Indeed, Kanter was a seldom-used reserve for a Turkish pro team during the 2008-09 season. Nedim Karakas, the general manager of that squad, claims he has given banking and housing records to the NCAA that indicate Kanter received excessive benefits during his time with the club.

Enes Kanter can only watch as Kentucky plays preseason exhibitions.
(Mark Zerof / US Presswire)

According to Karakas, Kanter and his family were provided housing for more than three years along with food and pocket money. The club claims Kanter received more than $100,000 in benefits over three years.

Kanter’s father has said he has documentation to dispute those claims. Whatever happens, Calipari is eager for the matter to be resolved.

“It’s been hard on him,” Calipari said of Kanter. “He’s doing great in school. He did great academically this summer. His father is a doctor, an educator, who works at a university. So he wants his kids to get educated.

“I just tell him to use this time to train, use this time to make sure academically that you’re where you need to be.”

While Kanter would fill a glaring need in the paint for Kentucky, Kansas would still be pretty salty on the perimeter without Selby. The Jayhawks return two-year starting combo guard Tyshawn Taylor, and seniors Brady Morningstar and Tyrel Reed are among the most experienced players in the league.

Adding Selby to the mix, though, would allow Kansas to take its up-tempo style to a new level. Self has already said that Selby is the top prospect he’s ever signed, which is a significant comment from a man who recruited Deron Williams, Dee Brown, Luther Head, Brandon Rush, Mario Chalmers and Darrell Arthur, Xavier Henry, Sherron Collins and Cole Aldrich.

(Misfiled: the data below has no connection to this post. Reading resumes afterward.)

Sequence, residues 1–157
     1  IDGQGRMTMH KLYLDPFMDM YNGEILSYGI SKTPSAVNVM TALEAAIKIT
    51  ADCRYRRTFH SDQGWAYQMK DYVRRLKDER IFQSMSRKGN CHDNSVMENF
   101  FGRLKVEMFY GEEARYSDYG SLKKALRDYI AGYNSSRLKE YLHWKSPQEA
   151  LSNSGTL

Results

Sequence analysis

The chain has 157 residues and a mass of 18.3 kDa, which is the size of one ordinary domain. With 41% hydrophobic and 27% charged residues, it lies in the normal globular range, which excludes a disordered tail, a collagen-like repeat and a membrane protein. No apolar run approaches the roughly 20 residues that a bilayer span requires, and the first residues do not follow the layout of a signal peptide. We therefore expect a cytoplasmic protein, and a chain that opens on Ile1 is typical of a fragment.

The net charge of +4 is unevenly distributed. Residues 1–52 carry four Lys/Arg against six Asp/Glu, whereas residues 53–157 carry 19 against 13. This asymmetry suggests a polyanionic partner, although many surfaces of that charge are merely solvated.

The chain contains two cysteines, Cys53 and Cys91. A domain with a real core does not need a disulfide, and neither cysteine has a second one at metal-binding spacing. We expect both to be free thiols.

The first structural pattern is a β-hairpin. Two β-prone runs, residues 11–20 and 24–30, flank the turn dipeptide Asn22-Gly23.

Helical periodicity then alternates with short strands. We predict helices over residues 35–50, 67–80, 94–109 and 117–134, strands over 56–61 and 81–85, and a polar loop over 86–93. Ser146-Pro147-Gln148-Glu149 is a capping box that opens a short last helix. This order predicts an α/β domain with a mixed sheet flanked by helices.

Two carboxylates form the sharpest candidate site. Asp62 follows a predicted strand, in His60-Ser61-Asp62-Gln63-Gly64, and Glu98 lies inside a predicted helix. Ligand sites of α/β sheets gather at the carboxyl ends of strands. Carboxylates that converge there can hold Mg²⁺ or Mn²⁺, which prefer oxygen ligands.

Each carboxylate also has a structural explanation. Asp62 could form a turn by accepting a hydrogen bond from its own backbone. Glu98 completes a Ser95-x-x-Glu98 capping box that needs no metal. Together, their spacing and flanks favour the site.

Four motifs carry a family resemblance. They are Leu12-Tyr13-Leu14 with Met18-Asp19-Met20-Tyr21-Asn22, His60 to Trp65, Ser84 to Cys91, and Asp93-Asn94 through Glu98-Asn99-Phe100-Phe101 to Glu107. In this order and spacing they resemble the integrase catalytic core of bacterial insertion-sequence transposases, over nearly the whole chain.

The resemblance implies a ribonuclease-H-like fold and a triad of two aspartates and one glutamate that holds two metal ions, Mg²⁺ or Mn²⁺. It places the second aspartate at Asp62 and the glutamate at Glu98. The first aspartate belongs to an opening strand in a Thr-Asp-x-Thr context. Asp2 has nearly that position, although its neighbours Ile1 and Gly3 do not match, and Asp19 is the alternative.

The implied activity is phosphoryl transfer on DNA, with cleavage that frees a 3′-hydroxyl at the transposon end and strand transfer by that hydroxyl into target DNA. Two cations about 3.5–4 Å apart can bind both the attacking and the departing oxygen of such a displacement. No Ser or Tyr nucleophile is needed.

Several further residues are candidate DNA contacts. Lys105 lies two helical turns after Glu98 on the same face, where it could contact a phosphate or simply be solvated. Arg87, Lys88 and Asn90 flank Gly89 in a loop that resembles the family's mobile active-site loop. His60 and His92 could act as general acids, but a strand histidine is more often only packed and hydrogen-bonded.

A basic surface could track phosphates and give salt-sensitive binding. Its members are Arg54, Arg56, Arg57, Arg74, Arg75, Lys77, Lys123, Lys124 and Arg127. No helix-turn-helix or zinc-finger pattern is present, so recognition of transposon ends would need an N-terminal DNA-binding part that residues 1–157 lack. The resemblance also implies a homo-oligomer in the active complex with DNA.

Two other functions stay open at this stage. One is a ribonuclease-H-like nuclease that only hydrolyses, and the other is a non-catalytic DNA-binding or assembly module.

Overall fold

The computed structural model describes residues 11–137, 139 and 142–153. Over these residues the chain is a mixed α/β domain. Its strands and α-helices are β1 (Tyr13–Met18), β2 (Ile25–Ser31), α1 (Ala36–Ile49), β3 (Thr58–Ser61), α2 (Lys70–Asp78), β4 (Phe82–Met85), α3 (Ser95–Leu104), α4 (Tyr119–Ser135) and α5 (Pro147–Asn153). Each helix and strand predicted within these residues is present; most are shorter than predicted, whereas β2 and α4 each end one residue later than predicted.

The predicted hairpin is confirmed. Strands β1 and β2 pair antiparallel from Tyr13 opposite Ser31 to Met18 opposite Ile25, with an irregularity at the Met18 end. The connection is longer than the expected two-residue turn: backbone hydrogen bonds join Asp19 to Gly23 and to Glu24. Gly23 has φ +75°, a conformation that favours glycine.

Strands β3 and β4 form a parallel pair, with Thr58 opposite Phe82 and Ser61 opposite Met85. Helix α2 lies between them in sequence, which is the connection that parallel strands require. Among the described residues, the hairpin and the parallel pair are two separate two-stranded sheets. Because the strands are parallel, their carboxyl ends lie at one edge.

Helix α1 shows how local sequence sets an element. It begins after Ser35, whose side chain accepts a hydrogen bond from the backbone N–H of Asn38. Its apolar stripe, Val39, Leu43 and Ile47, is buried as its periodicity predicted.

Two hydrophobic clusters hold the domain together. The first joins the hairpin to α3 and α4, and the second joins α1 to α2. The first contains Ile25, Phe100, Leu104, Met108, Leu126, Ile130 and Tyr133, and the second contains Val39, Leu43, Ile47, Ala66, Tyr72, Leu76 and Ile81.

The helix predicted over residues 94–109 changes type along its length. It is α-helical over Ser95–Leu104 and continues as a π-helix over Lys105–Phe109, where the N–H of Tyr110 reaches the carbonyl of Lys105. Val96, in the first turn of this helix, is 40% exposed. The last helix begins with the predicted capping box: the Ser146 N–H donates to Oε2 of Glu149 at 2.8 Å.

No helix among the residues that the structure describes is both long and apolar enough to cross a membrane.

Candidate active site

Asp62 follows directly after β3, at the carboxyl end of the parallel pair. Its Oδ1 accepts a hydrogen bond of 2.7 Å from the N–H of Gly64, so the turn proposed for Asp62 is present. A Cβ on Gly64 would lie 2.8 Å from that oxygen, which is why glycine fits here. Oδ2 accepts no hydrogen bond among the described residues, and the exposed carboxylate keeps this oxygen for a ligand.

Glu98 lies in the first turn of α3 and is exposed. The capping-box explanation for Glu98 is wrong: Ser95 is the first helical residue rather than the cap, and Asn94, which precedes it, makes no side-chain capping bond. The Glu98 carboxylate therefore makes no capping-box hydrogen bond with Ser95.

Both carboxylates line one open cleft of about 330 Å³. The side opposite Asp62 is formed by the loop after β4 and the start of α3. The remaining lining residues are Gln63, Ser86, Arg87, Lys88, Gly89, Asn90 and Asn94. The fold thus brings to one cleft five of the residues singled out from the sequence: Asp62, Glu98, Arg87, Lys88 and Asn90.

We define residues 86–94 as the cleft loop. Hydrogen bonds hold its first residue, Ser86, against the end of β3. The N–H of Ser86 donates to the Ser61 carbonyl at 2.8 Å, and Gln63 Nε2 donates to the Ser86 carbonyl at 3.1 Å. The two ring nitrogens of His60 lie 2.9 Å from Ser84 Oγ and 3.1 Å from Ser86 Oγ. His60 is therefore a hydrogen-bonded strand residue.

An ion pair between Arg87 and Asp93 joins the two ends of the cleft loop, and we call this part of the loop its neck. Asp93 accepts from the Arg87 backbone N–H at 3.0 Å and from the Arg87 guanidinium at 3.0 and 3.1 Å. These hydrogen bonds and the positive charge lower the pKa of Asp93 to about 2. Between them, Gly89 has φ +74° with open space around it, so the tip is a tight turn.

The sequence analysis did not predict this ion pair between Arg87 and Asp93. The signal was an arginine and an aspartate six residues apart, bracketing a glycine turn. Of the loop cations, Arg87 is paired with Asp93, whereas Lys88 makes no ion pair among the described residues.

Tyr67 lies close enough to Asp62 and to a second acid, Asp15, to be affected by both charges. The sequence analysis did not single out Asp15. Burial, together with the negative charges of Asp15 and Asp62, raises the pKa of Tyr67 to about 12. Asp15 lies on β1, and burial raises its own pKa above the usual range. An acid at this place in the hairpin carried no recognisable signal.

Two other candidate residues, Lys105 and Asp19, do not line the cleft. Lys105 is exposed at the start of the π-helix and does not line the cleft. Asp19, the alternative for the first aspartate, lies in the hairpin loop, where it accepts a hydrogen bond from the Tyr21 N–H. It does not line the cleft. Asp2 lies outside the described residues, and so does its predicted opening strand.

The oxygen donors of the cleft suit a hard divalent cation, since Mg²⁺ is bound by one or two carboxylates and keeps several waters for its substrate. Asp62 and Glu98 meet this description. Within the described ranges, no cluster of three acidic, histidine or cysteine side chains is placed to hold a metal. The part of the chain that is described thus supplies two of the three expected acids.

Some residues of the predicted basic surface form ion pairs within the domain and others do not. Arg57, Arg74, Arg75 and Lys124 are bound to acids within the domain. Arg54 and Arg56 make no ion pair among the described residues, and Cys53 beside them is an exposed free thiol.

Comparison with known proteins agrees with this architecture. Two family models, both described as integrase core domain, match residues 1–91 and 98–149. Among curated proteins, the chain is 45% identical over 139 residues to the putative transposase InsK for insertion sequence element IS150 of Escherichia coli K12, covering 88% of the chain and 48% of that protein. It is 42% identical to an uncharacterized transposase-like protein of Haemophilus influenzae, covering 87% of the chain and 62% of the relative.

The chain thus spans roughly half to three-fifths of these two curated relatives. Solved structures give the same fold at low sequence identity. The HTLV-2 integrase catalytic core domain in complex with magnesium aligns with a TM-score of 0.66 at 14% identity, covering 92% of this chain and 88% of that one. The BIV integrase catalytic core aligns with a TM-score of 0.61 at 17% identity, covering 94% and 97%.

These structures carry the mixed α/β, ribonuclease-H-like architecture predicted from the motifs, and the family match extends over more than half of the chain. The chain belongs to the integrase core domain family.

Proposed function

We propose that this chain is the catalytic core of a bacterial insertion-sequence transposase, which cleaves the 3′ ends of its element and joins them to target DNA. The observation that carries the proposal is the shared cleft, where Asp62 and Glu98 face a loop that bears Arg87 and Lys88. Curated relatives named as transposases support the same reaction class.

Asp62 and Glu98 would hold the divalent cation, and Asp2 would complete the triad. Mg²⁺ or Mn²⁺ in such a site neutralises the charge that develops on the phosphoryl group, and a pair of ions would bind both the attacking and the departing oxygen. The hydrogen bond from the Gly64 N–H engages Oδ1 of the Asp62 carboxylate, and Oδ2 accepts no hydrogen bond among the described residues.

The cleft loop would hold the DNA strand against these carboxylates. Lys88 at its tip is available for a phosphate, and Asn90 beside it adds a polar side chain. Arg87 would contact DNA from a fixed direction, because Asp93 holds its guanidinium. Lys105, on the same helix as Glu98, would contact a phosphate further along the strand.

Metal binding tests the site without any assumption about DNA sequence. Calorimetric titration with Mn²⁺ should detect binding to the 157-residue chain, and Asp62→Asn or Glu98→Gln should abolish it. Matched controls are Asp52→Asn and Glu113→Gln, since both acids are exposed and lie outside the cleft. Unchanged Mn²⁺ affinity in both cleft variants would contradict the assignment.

“He’s a guy right now that would be a starter for us,” Self said. “But he’s not a guy right now where you’d say, ‘That guy could be one of the three or four best players in the league.’ He’s not one of those guys yet.

“Will he get to that point? I don’t know. But I’m a big believer that by January or February he could be a guy that’s [really tough] to guard.”

Even Self realizes that will be hard for Selby to progress if his practice time is limited. Self said he has already informed Selby that his reps will go down in practice.

“There’s no reason to take the reps away from someone else [who is eligible to play],” Self said. “You just want to know where the finish line is, because when you know where the finish line is, you can bring him back accordingly. If you don’t know where the finish line is, he can’t get reps.”

Self said Selby and his family have provided the NCAA with all the information it has requested.

“I don’t know what [information the NCAA] has and what they don’t have,” Self said. “I’m not privy to that information. But I trust it. I think they’re very respectful … of the fact that we’re hamstrung right now. We need to get this behind us.”

Kansas fans are certainly hungry to see Selby take the court. Signs that read “Free Selby” and “Put Selby In” were spotted in the stands at Allen Fieldhouse on Tuesday. Folks have taken things a step further in Lexington, where there’s a “Free Enes” rap song.

Kansas opens the season Nov. 12 against Longwood, and Self has already said he doesn’t expect Selby to be available for that game. And no one expects Kanter to be in uniform when Kentucky plays its first game against East Tennessee State that same night.

The main hope is that the Selby and Kanter cases don’t drag out like the one involving Mississippi State’s Renardo Sidney last year. Sidney missed an entire season while the NCAA investigated whether he and his family received improper benefits during his high school career.

It wasn’t until March that the NCAA ruled that Sidney must repay $11,800 in excessive benefits before sitting out the first nine games of the upcoming season.

“I [hope] we’re going to find out really soon,” Self said. “From my perspective – and, of course, I’m biased – I’m thinking, ‘Gosh, let [Selby] play!’

“He came here to go to school and to play ball. He’s only doing 50 percent of that right now.”

Jason King is a college football and basketball writer for Yahoo! Sports. Follow him on Twitter. Send Jason a question or comment for potential use in a future column or webcast.
Updated Wednesday, Nov 3, 2010